• Factors contributing to poor performance of student nurses in anatomy and
           physiology

    • Authors: X.L. Mhlongo, T.E. Masango
      Pages: 140 - 143
      Abstract: Background. Student nurses in South Africa view anatomy and physiology (A&P) as the most complex subject in the nursing curriculum.
      Objective. To describe the factors contributing toward inconsistent and fluctuating performance among student nurses doing A&P as a subject.
      Methods. The study adopted a quantitative descriptive design. Census sampling was used to draw a sample size of 114 respondents. A
      structured self-administered questionnaire with close-ended questions was used to collect data from the six nursing campuses
      under study. Raw data were captured using Excel spreadsheets, and descriptive and inferential statistics were used to analyse data.
      Results. The key findings were: (i) poor teaching strategies contributed to subject failure; (ii) lack of after-class sessions had an impact on failure; (iii) a shorter study period for examinations contributed to failure; and (iv) a language barrier also played an important role in students’ failure in A&P.
      Conclusion. Student nurses struggle with and find A&P in nursing programmes challenging and anxiety-provoking. Nurse educators need to come up with innovative teaching strategies that will ensure an integrative approach to link theory to practice and to link sciences throughout curricula. Support programmes are needed to help students enhance performance in A&P. The examination schedules should be adjusted so that student nurses have enough time to study, and nurse educators should engage students in active learning.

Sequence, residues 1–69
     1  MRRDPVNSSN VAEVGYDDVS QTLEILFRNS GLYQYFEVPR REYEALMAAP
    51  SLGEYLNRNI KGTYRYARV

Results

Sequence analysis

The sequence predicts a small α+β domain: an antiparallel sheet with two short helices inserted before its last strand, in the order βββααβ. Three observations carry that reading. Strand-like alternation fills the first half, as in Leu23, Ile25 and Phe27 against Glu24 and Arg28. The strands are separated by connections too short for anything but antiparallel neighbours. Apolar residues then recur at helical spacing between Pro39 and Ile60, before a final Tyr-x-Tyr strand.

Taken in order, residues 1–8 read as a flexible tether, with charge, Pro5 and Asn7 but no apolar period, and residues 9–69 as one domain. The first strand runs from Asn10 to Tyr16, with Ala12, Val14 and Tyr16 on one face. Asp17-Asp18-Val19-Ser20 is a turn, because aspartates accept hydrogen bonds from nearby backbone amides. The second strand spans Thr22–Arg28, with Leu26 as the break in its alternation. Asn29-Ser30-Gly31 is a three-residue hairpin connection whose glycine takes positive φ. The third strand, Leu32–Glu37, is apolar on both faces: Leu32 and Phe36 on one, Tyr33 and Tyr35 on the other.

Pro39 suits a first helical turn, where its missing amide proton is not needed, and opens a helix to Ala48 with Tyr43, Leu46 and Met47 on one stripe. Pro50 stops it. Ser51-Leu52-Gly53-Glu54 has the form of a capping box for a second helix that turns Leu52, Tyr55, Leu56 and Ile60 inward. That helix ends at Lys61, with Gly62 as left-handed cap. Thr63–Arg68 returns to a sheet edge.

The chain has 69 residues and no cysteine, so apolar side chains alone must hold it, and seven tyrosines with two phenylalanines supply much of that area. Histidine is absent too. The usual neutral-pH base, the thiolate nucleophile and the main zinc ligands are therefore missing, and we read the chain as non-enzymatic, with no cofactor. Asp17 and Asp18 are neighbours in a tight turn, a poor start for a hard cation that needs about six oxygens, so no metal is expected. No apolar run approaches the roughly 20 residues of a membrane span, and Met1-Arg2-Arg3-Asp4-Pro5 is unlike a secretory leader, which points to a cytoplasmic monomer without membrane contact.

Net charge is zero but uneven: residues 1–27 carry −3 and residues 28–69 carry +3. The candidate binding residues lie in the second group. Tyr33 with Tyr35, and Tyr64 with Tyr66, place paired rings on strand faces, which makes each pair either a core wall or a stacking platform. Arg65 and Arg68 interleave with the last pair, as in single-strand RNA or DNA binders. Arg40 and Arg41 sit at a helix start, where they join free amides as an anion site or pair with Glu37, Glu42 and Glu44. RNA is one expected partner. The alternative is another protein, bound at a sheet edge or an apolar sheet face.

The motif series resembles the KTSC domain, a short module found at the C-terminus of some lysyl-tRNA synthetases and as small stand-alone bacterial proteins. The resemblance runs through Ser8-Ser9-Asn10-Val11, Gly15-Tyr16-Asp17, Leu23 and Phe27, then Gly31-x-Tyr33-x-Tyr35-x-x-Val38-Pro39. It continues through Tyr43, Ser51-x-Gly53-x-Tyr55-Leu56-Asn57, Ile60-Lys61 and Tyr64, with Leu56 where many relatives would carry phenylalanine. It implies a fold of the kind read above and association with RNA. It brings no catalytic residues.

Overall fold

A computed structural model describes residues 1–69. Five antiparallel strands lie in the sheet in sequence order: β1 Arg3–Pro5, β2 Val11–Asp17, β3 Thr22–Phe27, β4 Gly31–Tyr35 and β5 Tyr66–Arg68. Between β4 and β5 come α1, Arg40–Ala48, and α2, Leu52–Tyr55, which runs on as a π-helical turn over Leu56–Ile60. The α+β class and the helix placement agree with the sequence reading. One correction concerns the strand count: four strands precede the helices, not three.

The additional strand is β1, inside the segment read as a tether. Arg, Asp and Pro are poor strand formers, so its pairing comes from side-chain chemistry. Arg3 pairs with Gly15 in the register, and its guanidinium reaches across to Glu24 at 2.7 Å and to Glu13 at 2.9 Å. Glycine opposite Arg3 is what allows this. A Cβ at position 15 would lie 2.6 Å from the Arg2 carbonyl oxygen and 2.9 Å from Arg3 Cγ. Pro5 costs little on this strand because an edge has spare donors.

PubDate: 2021-04-29
      Issue No: Vol. 12, No. 3 (2021)
       
  • Predicting effect of emotional-social intelligence on academic achievement
           of nursing students

    • Authors: A. Alenezi, M.S. Moustafa Saleh, R.A. Gawad Elkalash
      Pages: 144 - 148
      Abstract: Background. Academic achievement refers to the extent to which a learner, instructor or institution has accomplished their short- or long-term educational goals. There are inconclusive results about the individual factors that successfully predict academic performance. Emotional intelligence has been a popular topic in the field of higher educational learning. Several research reports have shown that emotional intelligence is one of the factors that successfully predicts students’ academic achievement.
      Objectives. To examine the relationship between emotional-social intelligence (ESI) and self-reported academic achievement among nursing students.